Five Easter Celebration Breads: a sample from Sift magazine

Since the time of Stonehenge, mankind has looked to the approach of spring as a season for physical and spiritual renewal. Celebration breads have held a prominent place in practically every culture in Europe, dating back to Roman Times.

Today, making these breads still celebrates life springing eternal while carrying on delicious, centuries-old baking traditions.

colomba-pasquale

Italy’s Columba Pasquale, or Easter Dove Bread, is a native of Lombardy. Studded with citrus peel or the dried fruits of your choice, gilded with a shiny coat of sugar-nut syrup, then sprinkled with almonds and sparkling sugar, this fresh bread makes delicious toast.

chocolate-swirl-babka Chocolate Babka can be made as a simple loaf; chocolate chips and toasted nuts in the filling give it extra pizzazz.greek-tsourekiGreek Tsoureki is traditionally spiced with mahlab, which has a distinctive cherry/almond flavor. This rich bread can be braided into a circle, or presented as one large loaf. The eggs symbolize rebirth, renewal, and the blood of Christ.

paskaPaska is a crustless cheesecake in Russia; but in many Eastern European countries, it’s a tender, milk- and egg-enriched bread with lovely decorations evoking Easter symbols.

Celebrate life springing eternal while carrying on delicious, centuries-old baking traditions with these five Easter bread recipes. Click To Tweet

ham-sandwichIt also makes a mean ham sandwich.

Last but not least, my favorite Easter Bread is actually a bun.

hot-cross-bunsEasy Hot Cross Buns – tender, shiny, a little sweet with nuggets of fruit – make early spring mornings or afternoon teatime that much more special.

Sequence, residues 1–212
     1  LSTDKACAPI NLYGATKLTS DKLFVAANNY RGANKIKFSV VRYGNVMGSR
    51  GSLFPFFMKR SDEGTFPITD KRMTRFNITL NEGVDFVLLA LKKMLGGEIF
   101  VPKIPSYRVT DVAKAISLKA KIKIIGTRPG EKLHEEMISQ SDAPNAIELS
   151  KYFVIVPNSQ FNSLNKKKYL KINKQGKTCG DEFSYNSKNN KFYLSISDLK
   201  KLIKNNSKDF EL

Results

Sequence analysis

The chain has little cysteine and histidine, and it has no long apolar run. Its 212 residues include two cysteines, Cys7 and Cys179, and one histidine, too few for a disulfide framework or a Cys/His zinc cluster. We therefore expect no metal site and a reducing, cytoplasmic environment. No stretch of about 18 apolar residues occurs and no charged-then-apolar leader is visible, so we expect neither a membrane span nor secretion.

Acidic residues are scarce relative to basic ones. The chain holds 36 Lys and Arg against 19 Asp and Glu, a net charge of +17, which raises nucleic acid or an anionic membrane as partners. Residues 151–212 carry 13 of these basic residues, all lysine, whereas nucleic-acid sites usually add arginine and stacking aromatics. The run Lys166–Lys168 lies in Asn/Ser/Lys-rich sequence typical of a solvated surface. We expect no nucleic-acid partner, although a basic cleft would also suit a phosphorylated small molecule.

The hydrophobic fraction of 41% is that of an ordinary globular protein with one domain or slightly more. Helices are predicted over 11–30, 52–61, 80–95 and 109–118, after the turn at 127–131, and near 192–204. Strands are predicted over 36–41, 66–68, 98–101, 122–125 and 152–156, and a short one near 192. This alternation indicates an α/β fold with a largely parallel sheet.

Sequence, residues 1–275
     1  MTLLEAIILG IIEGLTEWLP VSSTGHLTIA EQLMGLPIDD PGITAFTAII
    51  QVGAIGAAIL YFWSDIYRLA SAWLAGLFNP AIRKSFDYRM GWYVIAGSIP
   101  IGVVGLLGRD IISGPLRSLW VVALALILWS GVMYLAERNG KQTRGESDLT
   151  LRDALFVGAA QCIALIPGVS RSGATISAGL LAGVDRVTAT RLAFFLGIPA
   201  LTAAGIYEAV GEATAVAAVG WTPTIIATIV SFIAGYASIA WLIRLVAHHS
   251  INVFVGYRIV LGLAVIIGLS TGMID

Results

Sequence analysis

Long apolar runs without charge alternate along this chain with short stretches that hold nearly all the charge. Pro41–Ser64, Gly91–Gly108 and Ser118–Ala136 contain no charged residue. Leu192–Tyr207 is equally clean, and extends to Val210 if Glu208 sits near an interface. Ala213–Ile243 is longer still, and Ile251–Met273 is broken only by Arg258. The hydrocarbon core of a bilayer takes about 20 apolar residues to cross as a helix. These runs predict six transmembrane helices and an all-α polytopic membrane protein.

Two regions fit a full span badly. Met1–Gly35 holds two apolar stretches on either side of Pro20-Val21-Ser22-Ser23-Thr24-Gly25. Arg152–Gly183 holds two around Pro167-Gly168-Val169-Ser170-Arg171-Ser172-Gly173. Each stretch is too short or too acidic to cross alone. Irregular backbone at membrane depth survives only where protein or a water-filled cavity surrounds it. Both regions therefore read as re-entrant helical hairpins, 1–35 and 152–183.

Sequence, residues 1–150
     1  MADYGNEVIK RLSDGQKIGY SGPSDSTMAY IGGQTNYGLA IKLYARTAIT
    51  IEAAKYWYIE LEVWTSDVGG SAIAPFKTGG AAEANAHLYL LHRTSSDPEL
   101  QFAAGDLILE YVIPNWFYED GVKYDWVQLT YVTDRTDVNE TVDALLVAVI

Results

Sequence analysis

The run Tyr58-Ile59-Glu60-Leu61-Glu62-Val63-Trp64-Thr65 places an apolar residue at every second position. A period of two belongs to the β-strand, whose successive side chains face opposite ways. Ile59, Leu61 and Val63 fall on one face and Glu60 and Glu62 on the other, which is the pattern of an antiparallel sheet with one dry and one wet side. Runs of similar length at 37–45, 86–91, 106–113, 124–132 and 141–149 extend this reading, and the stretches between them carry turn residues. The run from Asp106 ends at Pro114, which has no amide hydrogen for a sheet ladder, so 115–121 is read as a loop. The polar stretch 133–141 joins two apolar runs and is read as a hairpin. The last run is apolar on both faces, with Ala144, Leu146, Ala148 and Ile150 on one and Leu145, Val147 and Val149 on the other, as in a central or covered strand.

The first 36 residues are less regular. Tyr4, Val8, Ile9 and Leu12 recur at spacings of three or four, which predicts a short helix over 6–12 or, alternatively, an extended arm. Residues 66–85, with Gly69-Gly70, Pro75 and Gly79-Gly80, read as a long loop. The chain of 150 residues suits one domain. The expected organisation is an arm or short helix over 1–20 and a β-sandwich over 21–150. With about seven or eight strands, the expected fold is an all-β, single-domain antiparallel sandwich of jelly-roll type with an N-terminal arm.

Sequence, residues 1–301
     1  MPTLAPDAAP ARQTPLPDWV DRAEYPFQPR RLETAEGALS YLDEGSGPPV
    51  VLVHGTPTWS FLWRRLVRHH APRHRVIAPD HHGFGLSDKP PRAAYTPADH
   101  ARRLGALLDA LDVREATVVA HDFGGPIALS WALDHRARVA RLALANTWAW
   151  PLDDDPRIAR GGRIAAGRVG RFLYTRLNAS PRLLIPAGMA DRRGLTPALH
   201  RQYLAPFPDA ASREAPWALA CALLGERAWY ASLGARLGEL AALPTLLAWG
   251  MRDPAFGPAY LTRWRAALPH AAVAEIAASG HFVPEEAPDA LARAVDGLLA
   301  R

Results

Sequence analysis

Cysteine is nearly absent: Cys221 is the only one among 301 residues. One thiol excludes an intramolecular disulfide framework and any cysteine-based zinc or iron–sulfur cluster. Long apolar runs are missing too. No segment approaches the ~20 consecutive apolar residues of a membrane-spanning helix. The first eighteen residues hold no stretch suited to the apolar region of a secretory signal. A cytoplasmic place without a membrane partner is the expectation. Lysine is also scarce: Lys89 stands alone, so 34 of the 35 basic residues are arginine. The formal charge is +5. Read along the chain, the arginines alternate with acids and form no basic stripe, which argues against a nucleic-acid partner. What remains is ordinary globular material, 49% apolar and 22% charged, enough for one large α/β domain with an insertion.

This time of renewal, light, and hope is something to celebrate in our kitchens, which is why we gathered all these recipes together in our premiere issue of Sift. Live. Breathe. Bake.

Susan Reid
About

Chef Susan Reid grew up in New Jersey, graduated from Bates College and the Culinary Institute of America, and is presently the Food Editor of Sift magazine. She does demos, appearances, and answers food (and baking) questions from all quarters.

comments

  1. Marianne Juhl

    I was interested in making a Easter bread but I am a beginner and don’t know which one is the best to try.

    Reply
    1. The Baker's Hotline

      Good question, Marianne! The answer is that you can’t go wrong with any of the recipes here. The Easy Hot Cross Buns are good for a traditional celebration, but the Chocolate Babka might be nice if you’ve got chocolate-lovers in your group. It goes perfectly with a cup of coffee or tea. Whatever you choose, we bet you’ll love the results! Kye@KAF

  2. Lucy

    I first made paschka and kulich in Japan, from the TimeLife cookbook about Russia, 35 years ago. The cheese was a fresh pressed farmers cheese that I made myself and was molded into a tall pot. The cheese was spread on the bread. It is still the best Easter food I have ever enjoyed. There must be many styles as yours is so different from what I made. I truly enjoy spreading the sweet cheese custard on the bread.

    Reply

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